If you’re in college and have been charged with a crime, it’s time to give us a call. A misdemeanor or felony conviction during college can have a profound impact on your education, career, and future.
The best thing to do is work with a criminal defense attorney who can help you avoid jail time and other harsh penalties.
Consequences of Criminal Convictions During College
Here are seven things you need to think about:
1. You Could Lose Your License
Many criminal charges result in a driver’s license suspension. Without your license, you may have trouble getting to and from campus. You may have to rely on public transportation, friends, family, and rideshares. These methods can be less convenient, less reliable, and costly.
2. You Could Lose Financial Aid
Criminal charges can impact federal student loans and scholarships. The federal government can suspend your eligibility for student aid if you’re convicted of a drug offense.
You also can’t receive the federal Pell Grant if you’re convicted of a sex crime. Even if you remain eligible for student loans, your school and private organizations may no longer award you scholarships or grants.
3. Jail Disrupts Your Education
Jail time would pull you out of school. It’s vital to fight charges or do your best to avoid incarceration. If you’re required to complete a jail sentence, you may have to take a leave of absence in the middle of a semester or drop out.
4. You May Be Expelled
Depending on the crime and where and when it took place, it can impact your ability to remain in school. Colleges and universities have a code of conduct.
If they find you broke the rules, they can expel you, even if you’re acquitted, or the charges are dropped. Schools don’t have to meet the same high standard of “beyond a reasonable doubt” as a criminal judge or jury.
5. It Could Stain Your Reputation
If you’re like most college students, you don’t think much about your academic or professional standing. However, it matters. A criminal charge can make it challenging to take advantage of opportunities like becoming a teaching assistant or finding an internship.
6. It Could Limit Your Chances of Going to Grad School
A conviction could dash your hopes of going into a graduate program right after college. Depending on your overall criminal and academic record, graduate schools may not admit you.
7. It Could Prevent Career Opportunities
A criminal record will show up on background checks, and you may have to explicitly say you’ve been convicted of a crime on job applications. It makes it a whole lot harder to get internships or find a job after graduation.
It also could impact your ability to get a professional license. A conviction might make you ineligible, or you may have to jump through hoops to prove you deserve to work in a particular profession.
Common Charges Against College Students
We tend to see 18-year-old to 22-year-old students have similar kinds of charges. We routinely work with students dealing with:
We’ve defended students facing charges for drinking underage, providing alcohol to minors, urinating in public, or disordering conduct.
Drunk Driving (OVI)
We’ve helped students 21 or older charged with operating a vehicle under the influence of alcohol or drugs.
A student under 21-years-old can be charged with a DUI for having a BAC of .02% or higher or drugs in their system.
Sometimes, students don’t know how to control their emotions and end up in a physical altercation. We’re here to help when that leads to simple assault, aggravated assault, or felony assault.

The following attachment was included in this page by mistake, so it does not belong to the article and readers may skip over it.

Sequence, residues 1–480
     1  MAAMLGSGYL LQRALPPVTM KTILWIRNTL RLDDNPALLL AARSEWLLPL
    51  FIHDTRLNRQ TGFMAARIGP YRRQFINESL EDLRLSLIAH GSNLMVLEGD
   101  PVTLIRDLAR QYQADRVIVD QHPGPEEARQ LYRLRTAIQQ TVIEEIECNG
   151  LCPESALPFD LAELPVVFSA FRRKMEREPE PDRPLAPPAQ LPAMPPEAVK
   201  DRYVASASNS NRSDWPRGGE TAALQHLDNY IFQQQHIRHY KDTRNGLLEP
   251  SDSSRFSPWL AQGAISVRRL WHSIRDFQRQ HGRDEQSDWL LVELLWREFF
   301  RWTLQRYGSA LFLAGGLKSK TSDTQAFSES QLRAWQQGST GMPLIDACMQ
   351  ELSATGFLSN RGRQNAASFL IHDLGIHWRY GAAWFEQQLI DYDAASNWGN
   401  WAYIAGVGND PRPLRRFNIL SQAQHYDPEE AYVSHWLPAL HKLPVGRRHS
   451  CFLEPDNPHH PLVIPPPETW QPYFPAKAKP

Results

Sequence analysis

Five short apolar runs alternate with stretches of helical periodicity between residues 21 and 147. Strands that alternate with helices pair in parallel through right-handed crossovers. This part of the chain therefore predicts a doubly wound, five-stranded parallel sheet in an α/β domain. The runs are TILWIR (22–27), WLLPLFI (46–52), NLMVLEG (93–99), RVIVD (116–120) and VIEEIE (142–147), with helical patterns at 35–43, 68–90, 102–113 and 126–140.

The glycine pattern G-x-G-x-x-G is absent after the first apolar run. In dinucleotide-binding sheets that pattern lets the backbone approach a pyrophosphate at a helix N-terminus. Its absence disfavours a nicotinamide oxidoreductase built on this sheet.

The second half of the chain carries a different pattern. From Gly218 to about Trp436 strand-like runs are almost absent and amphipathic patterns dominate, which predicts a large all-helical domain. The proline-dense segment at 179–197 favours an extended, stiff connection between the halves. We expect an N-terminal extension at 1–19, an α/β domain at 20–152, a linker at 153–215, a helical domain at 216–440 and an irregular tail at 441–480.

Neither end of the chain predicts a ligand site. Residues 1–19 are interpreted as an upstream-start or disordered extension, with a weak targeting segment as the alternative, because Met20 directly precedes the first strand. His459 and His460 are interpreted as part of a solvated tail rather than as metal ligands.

Students often don’t realize fake IDs or using an older friend’s license to obtain alcohol or entry to a bar can lead to serious charges.
We’ve seen students charged with petty theft, shoplifting, and in some cases, fraud.
We’ve defended students accused of rape, sexual battery, and gross sexual imposition.
There’s Hope if You Have a Conviction
If you’re convicted of a crime during college, you may be able to have the record sealed or expunged in the future. Ohio law lets people expunge many misdemeanor and felony convictions after a time.
For a misdemeanor, you usually must wait a year. For felonies, you have to wait between three and five years.
There are several eligibility requirements, though, so it’s best to talk with a lawyer about this possibility. Don’t assume you can make any criminal record go away.
We Represent Cincinnati College Students
College is a formative experience. But it isn’t always a happy or easy time. When you’re young and surrounded by friends, it’s easy to make careless decisions, like drinking at a party or getting into a fight. When those decisions lead to a legal matter, it’s time to call a lawyer.
Our team at Luftman, Heck & Associates has worked with students enrolled at:
- University of Cincinnati
- Cincinnati State College
- Xavier University
- Cincinnati State Technical and Community College
- Art Academy of Cincinnati
- Cincinnati Christian University
If you go to college elsewhere but get into trouble in Cincinnati, we’re here to help. Don’t make the mistake of thinking your college or university won’t care. Legal trouble in one city or state can impact you in another.
Call a Cincinnati Criminal Defense Attorney Today
At Luftman, Heck, and Associates, we thoroughly investigate and review the facts of your case.
We’ll be candid about your situation and whether you have a good chance of getting the charges dropped, using a plea deal to avoid jail time, or winning an acquittal at trial.
We always want to obtain the best possible outcome for you and get you back into class as soon as possible.
If you’re ready to talk with us about fighting criminal charges, contact us online or call (513) 338-1890. We offer free consultations.